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Editorial: Short takes on redheads and dead heads

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FedEx delivery

A FedEx driver returns to his truck in downtown Pittsburgh.

Absolutely, positively nowhere to be found

After a Georgia man was shot to death in 2019, the medical examiner shipped the remains — via FedEx — to a special lab in St. Louis as part of the investigation. Three years later, the shipping company has been unable to locate the, um, package.

As reported by The Atlanta Journal-Constitution, the decomposing body of Jeffrey Merriweather, 32, was discovered weeks after his apparent fatal shooting near Atlanta. The medical examiner’s office in Fulton County, Georgia, shipped his remains to the St. Louis lab for analysis. Why the office used FedEx is unclear. The shipping company has a strict policy against shipping human remains.

In any case, the 18.6-pound box never arrived in St. Louis and apparently is still lost in FedEx’s system.

As if to add an extra layer of the macabre, when the newspaper recently reported on the missing remains and tweeted out the story, a FedEx bot cheerfully responded on Twitter that it was “very sorry for the pending delivery,” and that it would be “happy to assist.”

The medical examiner’s office didn’t respond to questions from the newspaper.

Lethal party platform

While updating its official platform last week, the Idaho Republican Party debated whether its call for a total abortion ban should make an exception for ectopic pregnancies. That’s when a fertilized egg attaches and begins growing outside the uterus. Such pregnancies are always non-viable, and they can kill the woman if the pregnancy isn’t terminated.

The debate prompted consideration of a “lethal danger” exception to the abortion ban in the party’s platform. It failed 412-164.

There is no way to overstate how dystopian this is. It’s a formal party endorsement of letting women unnecessarily die — even women who desperately want a successful pregnancy — if the embryo embeds in a place where a live birth is impossible. Republican lawmakers owe it to themselves and the women they might destine for death to actually read up on ectopic pregnancy before legislating on it.

No prosecution for Colbert’s crew

Stephen Colbert is known for deliberate attempts to create real fake news — or at least to create fake people behaving like real reporters and news anchors. His latest gag led to the arrest of a Colbert crew conducting interviews in a House office building on Capitol Hill using a dog puppet, Triumph the Insult Comic Dog. The arrest was based on a technicality: Whichever member of Congress agreed to host Colbert’s crew was supposed to have assigned an escort to accompany them at all times. That escort, however, apparently wandered off.

The crew carried out their interviews the same way they do in every other Colbert gag setting — letting the interviewees make fools of themselves while the cameras roll. Triumph the Insult Comic Dog has hosted a focus group of Donald Trump supporters who were shown outrageously fake Trump campaign ads, such as putting kids to work in meat-packing plants, then recording their reactions to prove that Trump supporters will pretty much support anything they think he supports.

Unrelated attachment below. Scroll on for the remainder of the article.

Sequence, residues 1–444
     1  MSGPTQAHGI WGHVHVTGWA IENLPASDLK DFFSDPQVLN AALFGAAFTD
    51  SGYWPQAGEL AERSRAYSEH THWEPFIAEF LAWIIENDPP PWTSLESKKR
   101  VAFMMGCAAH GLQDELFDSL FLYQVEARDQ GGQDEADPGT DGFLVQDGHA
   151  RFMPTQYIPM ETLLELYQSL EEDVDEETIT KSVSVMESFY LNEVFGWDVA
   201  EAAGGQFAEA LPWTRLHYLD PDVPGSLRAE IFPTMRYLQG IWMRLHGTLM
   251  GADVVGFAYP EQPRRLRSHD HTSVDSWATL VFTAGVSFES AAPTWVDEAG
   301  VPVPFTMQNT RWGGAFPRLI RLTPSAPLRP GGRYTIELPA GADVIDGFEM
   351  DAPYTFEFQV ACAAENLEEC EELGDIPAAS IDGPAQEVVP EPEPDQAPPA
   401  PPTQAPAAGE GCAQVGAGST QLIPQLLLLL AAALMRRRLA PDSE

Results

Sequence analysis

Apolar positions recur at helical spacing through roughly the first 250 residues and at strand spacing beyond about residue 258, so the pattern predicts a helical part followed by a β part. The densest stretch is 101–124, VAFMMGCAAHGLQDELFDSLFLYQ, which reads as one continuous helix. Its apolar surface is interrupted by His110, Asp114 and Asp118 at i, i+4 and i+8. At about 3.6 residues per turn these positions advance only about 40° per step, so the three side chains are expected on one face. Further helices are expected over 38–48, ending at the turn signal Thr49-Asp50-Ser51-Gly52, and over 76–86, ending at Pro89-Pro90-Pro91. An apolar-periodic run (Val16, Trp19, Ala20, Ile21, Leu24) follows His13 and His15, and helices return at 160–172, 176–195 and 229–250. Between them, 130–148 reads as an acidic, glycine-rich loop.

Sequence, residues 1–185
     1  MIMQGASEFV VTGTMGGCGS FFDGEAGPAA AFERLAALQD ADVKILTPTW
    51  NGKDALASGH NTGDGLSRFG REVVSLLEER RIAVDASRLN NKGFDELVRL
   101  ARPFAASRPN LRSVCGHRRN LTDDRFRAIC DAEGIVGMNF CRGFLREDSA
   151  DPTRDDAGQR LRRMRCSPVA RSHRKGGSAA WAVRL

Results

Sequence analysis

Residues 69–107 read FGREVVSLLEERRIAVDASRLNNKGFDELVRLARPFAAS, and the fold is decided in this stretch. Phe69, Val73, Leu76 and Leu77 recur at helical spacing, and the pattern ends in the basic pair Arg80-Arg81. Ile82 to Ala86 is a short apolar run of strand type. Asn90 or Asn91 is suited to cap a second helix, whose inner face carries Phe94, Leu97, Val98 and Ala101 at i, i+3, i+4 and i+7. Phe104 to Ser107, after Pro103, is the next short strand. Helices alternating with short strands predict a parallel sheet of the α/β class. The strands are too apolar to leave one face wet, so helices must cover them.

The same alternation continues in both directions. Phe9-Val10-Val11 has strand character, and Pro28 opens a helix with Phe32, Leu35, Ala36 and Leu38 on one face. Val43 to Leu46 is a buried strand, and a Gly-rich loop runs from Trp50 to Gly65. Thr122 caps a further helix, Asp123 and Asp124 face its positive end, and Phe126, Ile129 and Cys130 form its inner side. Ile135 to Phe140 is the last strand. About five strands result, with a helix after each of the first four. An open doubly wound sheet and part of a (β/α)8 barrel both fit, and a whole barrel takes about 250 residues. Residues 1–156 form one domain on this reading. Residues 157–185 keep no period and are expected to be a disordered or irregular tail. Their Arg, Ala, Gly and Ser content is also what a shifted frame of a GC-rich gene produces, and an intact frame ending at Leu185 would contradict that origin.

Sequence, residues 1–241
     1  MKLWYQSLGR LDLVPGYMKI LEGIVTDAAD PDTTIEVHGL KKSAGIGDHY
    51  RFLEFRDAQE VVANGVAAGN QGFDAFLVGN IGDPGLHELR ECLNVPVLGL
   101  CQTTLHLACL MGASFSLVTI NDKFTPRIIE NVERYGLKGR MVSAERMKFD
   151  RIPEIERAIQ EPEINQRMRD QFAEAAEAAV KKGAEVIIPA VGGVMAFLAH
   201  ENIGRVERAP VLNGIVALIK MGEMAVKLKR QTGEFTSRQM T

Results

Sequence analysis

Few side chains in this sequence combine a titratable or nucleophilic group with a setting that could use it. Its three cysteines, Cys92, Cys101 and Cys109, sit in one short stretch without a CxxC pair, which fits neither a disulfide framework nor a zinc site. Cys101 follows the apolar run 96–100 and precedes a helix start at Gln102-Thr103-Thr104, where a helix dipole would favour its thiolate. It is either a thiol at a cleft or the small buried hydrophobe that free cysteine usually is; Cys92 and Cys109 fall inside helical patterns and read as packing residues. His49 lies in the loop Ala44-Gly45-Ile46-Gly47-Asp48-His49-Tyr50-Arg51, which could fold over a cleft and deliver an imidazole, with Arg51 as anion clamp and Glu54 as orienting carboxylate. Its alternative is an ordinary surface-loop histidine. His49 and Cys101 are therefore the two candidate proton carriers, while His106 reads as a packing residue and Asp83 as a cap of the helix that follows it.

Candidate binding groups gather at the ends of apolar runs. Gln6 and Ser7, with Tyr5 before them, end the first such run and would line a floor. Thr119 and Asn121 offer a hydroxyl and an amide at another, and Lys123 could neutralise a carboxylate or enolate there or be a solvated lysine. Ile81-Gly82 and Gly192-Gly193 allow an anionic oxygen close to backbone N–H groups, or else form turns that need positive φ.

Federal prosecutors said Monday that they would not prosecute the nine members of the Colbert crew because the prospects of conviction were minimal: They were there as invitees and nobody actually asked them to leave.

Helping Herschel Walker clear the air

This was an unusually good week for Georgia U.S. Senate candidate Herschel Walker. The Republican ex-football star managed not to lie or wax embarrassingly incoherent for at least a few days in a row. For Walker, that’s a major achievement in a campaign riddled with blatant falsehoods and ridiculous declarations. He infamously criticized absent Black fathers, only to face revelations that he had fathered three children and had been sued by the mother of one for child support.

The list of embarrassments had been growing so long that Walker’s campaign staff began banning reporters from covering his events, apparently out of fear that he would actually be quoted. On July 9, however, he thwarted his aides’ best efforts by live-streaming an event on Facebook in which he declared that the “good air” over Georgia has a mind of its own and “decides to float over” to China. China’s “bad air” gets displaced by Georgia’s good air and then floats over to Georgia. “We got to clean that back up,” he said.

Instead, it was Walker who got a cleanup with the arrival of professional campaign consultants, who coached him to stay on script and not veer in a Trumpian way into Covfefe-style incoherence. Given Walker’s record, only time will tell whether he can avoid more rhetorical disaster before the election.

Red-hot alert

A British cinema chain offered free tickets into air-conditioned movie theaters to a class of citizens particularly vulnerable to the nation’s record-high heat wave: Redheads. Showcase Cinemas announced on Instagram “Free tickets for redheads on the hottest days ever” for Monday and Tuesday, as temperatures were forecast to reach as high as 104.

The company explained in a statement: “Since redheads are often more vulnerable than most to the sun’s rays, we’re giving them shelter from the sun inside our fully air conditioned cinema screens,” The Washington Post reported.

Many British homes don’t have air conditioning — though most movie theaters do. As the Post noted, people with red hair, pale skin and freckles — often referred to colloquially as “ginger” — are more susceptible not only to sunburn but to long-term issues including skin cancer.


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